No studio? No problem. When working with flash you’ve got the ability to turn any location into a studio—even bright daylight. Here’s how to overpower daylight and create a strobe-only exposure that can render even a bright midday background dark as night.
First, start by positioning your subject far from the background. If you try shooting them up against a wall, for instance, you’ll create a nicely illuminated wall after you’ve implement the key light flash. So start with a background in the distance—a good 15 feet away, if possible.
Then, be sure to choose a vantage point without direct sunlight illuminating the face of your subject. Open shade (the shadow side of a structure, or under a tall canopy of trees) or even backlit by the sun should work. In fact, positioning the subject with the sun at their back will create a hair light that adds to the well-lit look. If all else fails, use a black flag or even a large silk diffuser soften the light falling on your subject.
If sunlight isn’t illuminating your subject’s face but you choose something like a normal daylight exposure for the camera settings (such as ISO 100, 1/160th at f/11), you’ll see what? An underexposed subject and a brightly exposed background. A silhouette, in effect. This is the perfect opportunity to introduce a flash exposure to balance with the ambient light on the background and illuminate the subject’s face.
You can certainly use TTL auto flash control, though I prefer to work in manual. At the exposure settings mentioned above, a hotshoe flash from six feet away may produce the correct exposure at, let’s say, 1/8th power. In the first example here, I held my unmodified flash at arm’s length above the camera in order to get it slightly off axis. After subtly tweaking the flash’s placement and output, you can balance the exposures perfectly—a daylight exposed background and a flash exposed subject.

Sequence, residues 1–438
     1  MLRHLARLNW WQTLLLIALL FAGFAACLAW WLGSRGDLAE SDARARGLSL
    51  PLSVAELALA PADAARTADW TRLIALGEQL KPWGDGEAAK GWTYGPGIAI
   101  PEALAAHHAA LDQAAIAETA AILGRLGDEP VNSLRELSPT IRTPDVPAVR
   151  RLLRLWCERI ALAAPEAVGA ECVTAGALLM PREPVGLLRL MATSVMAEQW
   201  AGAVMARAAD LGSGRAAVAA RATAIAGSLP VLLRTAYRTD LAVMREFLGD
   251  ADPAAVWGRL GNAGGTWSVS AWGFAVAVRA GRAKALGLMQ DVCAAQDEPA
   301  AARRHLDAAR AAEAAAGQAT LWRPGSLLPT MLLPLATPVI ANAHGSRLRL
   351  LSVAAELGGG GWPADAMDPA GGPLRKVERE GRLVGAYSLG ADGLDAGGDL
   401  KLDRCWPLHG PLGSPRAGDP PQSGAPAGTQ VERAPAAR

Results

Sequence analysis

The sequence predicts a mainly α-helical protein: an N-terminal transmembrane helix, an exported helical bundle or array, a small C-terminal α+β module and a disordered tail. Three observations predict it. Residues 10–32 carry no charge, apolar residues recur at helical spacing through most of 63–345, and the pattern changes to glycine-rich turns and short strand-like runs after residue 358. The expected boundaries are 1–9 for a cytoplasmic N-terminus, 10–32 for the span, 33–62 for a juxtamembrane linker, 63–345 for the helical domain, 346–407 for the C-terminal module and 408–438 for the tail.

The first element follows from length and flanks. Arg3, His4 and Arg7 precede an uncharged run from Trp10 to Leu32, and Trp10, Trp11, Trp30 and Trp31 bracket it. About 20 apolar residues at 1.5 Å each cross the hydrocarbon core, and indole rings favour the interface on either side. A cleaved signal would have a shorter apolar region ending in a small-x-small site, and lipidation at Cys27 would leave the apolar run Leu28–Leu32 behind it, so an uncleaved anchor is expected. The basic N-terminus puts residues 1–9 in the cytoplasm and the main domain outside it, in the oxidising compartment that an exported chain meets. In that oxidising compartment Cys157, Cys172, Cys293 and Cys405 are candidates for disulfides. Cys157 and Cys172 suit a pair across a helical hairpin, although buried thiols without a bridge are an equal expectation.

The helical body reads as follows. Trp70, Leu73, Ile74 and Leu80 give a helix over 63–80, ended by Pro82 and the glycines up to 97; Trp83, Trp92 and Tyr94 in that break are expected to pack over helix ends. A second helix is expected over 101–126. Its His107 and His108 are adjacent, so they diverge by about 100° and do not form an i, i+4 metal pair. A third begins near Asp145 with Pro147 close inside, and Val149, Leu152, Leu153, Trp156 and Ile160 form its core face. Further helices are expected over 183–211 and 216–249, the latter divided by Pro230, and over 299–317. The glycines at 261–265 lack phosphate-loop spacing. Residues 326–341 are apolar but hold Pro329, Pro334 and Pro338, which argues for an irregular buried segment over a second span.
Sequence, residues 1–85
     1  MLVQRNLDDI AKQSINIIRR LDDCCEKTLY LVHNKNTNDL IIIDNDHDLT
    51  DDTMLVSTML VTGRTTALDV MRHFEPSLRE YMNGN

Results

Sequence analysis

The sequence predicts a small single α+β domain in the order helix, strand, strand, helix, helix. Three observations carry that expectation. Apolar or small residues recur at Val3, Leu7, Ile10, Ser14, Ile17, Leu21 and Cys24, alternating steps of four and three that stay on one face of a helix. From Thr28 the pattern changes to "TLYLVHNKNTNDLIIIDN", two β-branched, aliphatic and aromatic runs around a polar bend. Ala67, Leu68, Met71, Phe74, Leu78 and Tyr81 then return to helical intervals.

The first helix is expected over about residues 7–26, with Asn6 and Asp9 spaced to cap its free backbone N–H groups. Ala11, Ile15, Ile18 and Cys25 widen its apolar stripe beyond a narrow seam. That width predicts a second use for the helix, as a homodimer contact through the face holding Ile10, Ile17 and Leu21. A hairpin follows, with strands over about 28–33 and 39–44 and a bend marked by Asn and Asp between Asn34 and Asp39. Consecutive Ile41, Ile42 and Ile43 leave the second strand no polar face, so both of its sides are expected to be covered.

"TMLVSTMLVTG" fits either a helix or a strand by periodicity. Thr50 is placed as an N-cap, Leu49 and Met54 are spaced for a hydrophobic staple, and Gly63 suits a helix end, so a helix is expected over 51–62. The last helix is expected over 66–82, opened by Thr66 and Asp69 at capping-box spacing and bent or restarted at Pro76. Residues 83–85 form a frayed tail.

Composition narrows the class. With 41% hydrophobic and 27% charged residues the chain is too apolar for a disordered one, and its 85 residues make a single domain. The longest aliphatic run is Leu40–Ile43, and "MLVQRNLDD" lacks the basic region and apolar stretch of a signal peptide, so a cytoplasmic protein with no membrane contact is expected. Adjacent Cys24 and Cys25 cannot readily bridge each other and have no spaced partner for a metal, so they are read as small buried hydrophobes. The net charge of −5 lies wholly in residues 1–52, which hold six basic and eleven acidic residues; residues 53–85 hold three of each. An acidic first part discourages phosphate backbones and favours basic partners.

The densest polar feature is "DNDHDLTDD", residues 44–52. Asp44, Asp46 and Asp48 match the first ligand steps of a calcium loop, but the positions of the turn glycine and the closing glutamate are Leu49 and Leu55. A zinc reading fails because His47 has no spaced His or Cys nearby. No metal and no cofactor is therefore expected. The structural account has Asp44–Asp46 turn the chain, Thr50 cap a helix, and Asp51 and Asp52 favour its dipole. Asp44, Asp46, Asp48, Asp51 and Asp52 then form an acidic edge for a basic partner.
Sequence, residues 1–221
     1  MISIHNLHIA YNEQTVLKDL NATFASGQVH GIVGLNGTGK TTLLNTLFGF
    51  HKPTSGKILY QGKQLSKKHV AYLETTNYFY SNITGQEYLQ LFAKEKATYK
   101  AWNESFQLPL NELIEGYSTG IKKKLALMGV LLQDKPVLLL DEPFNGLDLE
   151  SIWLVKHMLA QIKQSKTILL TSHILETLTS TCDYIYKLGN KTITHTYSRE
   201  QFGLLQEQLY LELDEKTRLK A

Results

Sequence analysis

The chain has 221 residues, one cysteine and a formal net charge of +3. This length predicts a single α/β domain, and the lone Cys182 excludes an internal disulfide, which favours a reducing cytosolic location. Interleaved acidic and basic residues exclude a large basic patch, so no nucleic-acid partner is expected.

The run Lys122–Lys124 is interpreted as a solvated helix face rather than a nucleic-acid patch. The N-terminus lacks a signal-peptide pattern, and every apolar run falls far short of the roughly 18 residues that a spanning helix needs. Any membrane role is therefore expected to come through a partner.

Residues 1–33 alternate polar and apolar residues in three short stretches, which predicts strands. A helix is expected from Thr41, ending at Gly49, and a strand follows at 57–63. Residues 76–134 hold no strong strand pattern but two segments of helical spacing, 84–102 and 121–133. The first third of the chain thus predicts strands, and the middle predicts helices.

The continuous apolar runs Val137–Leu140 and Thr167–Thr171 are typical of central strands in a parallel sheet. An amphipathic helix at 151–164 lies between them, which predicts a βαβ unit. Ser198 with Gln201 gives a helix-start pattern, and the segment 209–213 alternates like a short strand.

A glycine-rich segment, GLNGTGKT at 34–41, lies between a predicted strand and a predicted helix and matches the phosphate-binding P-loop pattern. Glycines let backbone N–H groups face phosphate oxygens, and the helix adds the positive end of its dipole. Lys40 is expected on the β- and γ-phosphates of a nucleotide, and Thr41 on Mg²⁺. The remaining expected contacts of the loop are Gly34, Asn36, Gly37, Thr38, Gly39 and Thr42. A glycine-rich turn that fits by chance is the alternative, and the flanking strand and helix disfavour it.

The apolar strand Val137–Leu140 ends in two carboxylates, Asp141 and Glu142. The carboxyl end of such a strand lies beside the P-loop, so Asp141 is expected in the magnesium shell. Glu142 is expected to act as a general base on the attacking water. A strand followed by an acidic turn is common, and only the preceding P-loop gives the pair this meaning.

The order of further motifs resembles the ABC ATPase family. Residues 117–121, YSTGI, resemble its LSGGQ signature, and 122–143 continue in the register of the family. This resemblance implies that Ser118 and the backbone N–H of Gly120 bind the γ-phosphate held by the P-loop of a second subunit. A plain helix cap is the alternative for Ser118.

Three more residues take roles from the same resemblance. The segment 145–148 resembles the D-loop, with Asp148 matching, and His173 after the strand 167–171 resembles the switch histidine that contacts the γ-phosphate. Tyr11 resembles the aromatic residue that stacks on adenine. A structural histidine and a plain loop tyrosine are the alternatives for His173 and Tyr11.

What if you want to make that darkroom go darker? Easy. All you have to do is underexpose the background. That means you can adjust the shutter speed faster, though make sure not to go faster than the maximum sync speed of your camera (which is usually in the neighborhood of 1/200th). Adjusting the shutter speed won’t affect the strobe exposure. But because of the sync speed limitation, it’s not likely to make a big enough difference to produce a near-black background. Adjusting the aperture, however, will.
From f/11 and a 1/8th power flash producing a correct flash exposure, you can adjust the aperture to f/16, f/22 or even f/32 in order to underexpose the whole scene by one, two or three stops. Up the power of the flash from 1/8th to 1/4 and eventually half power, you’ll maintain a normal flash exposure on the subject while the background is underexposed significantly. That’s what I did here, but you can go even further if you’ve got the right tools—namely, a speedlight flash capable of high speed sync. With high-speed sync you can push your shutter speed beyond the 1/250th boundary and still create a correct flash exposure. The higher the shutter speed, the darker the ambient—and that means you can drop the background to pitch black if you want to.
You can also approach this technique another way, and that’s by working from the opposite direction. Start by creating a dark ambient exposure (say, 1/250th at f/22) and then simply add your flash until it creates an appropriate key light illumination. However you approach it, the trick to this “day for night” technique is overpowering sunlight with a strobe, and it’s a useful technique in all sorts of situations.